Differential behavioral and glial responses induced by dopaminergic mechanisms in the iNOS knockout mice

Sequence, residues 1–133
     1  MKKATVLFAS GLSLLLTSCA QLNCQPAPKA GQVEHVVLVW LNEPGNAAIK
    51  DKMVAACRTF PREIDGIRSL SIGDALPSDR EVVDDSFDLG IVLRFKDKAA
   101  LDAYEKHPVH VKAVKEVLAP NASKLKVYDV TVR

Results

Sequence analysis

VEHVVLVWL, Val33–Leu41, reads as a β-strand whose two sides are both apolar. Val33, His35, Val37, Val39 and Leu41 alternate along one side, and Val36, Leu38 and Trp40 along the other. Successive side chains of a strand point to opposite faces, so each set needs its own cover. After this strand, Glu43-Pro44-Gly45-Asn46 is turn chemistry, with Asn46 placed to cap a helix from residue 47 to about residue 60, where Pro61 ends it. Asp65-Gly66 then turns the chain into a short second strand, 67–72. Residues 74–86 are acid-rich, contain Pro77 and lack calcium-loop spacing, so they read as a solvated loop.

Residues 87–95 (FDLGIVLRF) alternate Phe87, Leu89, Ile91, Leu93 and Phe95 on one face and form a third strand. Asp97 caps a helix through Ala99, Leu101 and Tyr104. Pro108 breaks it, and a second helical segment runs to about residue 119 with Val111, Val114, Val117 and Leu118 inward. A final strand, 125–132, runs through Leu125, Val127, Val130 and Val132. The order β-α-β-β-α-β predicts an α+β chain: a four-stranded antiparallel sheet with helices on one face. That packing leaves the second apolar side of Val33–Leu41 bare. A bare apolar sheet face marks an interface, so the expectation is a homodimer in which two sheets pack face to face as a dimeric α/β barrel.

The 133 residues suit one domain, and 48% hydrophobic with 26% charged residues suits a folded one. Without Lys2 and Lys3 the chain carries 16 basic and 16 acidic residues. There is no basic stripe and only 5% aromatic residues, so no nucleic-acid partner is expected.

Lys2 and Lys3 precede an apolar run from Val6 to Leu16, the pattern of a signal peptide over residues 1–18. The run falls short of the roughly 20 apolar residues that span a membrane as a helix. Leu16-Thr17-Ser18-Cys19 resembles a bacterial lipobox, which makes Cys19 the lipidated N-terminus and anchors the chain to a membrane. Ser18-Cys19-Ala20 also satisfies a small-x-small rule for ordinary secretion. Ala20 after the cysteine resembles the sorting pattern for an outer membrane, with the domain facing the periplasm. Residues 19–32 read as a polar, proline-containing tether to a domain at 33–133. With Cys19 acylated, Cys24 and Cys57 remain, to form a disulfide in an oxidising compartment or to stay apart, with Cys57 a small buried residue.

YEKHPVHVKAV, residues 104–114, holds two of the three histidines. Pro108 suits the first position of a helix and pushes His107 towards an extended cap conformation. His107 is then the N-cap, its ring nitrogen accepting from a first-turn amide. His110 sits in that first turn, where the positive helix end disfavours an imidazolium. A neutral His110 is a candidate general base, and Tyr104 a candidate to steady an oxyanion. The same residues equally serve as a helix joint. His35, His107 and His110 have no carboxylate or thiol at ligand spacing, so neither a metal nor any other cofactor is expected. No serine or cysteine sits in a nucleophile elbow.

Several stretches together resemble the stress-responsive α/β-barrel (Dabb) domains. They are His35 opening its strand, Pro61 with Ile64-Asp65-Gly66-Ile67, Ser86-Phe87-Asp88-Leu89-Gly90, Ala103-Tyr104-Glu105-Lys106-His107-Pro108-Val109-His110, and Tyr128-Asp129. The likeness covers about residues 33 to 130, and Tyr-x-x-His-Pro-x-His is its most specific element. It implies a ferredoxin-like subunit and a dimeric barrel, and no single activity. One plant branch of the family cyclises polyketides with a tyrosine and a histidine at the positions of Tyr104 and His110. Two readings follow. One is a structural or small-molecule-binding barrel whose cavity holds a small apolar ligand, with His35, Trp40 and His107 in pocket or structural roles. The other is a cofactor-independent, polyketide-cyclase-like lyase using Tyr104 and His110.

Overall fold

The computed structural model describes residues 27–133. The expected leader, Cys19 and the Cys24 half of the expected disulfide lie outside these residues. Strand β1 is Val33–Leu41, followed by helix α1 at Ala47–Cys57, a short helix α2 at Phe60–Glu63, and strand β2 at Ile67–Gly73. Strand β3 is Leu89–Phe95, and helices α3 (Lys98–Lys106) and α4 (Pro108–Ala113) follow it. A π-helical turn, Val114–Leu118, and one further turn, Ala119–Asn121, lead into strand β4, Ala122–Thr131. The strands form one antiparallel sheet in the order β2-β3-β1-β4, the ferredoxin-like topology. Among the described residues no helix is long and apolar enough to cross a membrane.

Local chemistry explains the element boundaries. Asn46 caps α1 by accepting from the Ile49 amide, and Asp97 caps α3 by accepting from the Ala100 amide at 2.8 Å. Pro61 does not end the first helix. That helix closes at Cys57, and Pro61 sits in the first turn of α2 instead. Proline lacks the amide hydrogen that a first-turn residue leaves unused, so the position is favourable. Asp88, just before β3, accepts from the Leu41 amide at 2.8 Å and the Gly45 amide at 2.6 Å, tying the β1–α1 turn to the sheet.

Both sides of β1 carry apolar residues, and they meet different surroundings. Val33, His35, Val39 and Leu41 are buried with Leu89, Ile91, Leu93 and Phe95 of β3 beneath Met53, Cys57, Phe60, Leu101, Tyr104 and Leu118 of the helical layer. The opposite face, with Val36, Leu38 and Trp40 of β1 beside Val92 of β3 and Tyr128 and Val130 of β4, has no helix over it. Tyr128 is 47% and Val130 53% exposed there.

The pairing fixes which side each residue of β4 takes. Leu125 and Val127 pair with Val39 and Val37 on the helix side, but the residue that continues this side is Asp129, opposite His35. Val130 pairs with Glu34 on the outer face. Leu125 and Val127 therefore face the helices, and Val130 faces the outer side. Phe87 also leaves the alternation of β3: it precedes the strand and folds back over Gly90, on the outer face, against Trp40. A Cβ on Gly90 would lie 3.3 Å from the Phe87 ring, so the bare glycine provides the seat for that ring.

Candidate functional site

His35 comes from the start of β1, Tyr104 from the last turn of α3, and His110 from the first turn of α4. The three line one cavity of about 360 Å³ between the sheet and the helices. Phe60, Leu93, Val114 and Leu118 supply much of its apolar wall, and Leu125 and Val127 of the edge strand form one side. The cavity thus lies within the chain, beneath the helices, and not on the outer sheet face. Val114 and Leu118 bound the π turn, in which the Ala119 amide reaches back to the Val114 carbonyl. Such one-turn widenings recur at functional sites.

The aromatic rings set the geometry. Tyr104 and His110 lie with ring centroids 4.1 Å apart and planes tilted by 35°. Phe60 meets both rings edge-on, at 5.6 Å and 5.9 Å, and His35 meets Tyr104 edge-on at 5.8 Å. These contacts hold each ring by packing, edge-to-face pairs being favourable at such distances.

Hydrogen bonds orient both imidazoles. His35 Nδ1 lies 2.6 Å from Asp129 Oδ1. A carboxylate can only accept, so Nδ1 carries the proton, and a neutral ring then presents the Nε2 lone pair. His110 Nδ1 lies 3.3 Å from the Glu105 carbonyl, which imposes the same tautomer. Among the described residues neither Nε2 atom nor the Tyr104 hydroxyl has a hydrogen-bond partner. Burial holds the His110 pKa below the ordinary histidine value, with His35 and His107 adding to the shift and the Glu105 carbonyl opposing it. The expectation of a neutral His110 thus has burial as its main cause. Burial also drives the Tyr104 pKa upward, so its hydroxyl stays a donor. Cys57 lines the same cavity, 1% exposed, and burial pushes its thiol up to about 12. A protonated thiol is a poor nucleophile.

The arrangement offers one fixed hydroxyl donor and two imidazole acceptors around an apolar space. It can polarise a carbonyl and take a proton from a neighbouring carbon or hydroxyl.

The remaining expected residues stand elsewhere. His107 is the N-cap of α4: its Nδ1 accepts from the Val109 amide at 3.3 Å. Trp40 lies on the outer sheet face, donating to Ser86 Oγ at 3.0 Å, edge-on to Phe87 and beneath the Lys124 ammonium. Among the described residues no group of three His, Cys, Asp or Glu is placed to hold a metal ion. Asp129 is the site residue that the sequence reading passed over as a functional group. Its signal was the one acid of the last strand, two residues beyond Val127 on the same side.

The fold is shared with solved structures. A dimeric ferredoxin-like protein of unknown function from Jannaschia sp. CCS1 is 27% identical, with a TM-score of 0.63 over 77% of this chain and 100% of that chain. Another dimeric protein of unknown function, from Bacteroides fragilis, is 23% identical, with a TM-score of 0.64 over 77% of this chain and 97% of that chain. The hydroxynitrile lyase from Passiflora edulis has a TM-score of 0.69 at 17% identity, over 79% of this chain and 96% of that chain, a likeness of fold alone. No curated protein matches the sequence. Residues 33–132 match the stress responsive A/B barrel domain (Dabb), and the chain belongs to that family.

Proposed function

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The interaction between distinctive nitric oxide synthase (NOS) isoforms and the dopamine system provides new avenues to the development of pharmacological tools for the pathophysiological conditions of the dopaminergic system. Our aim was to investigate the influences of dopamine-induced effects in inducible NOS knockout (iNOS KO) mice. In order to characterize iNOS KO mice phenotype, the animals were submitted to the basal analyses of motor, sensorimotor and sensorial abilities. Pharmacological challenging of the dopaminergic system included the investigation of amphetamine-induced prepulse inhibition (PPI) disruption, haloperidol-induced catalepsy, reserpine-induced oral involuntary movements and hyperlocomotion induced by amphetamine in reserpine treated mice. The iNOS KO mice showed significant reduction of spontaneous motor activity, but there was no significant difference in sensorimotor or sensorial responses of iNOS KO mice compared to wild type (WT). Regarding the dopaminergic system, iNOS KO mice showed a significant increase of haloperidol-induced catalepsy. This effect was confirmed through an iNOS pharmacological inhibitor (1400W) in WT mice. In addition, iNOS KO reserpine treated mice showed reduced oral involuntary movements and amphetamine-induced hyperlocomotion. Knowing that iNOS is mainly expressed in glial cells we analyzed the immunoreactivity (ir) for GFAP (astrocyte marker) and IBA-1 (microglial marker) in the striatum, an area enrolled in motor planning among other functions. iNOS KO presented reduced GFAP-ir and IBA-1-ir compared with WT. Reserpine treatment increased GFAP-ir in both WT and iNOS KO. However, these effects were slighter in iNOS KO. Activated state of microglia was increased by reserpine only in WT mice. Our results further demonstrated that the absence of iNOS interfered with dopamine-mediated behavioral and molecular responses. These results increase the understanding of the dopamine and NO system interaction, which is useful for the management of the dopamine-related pathologies.

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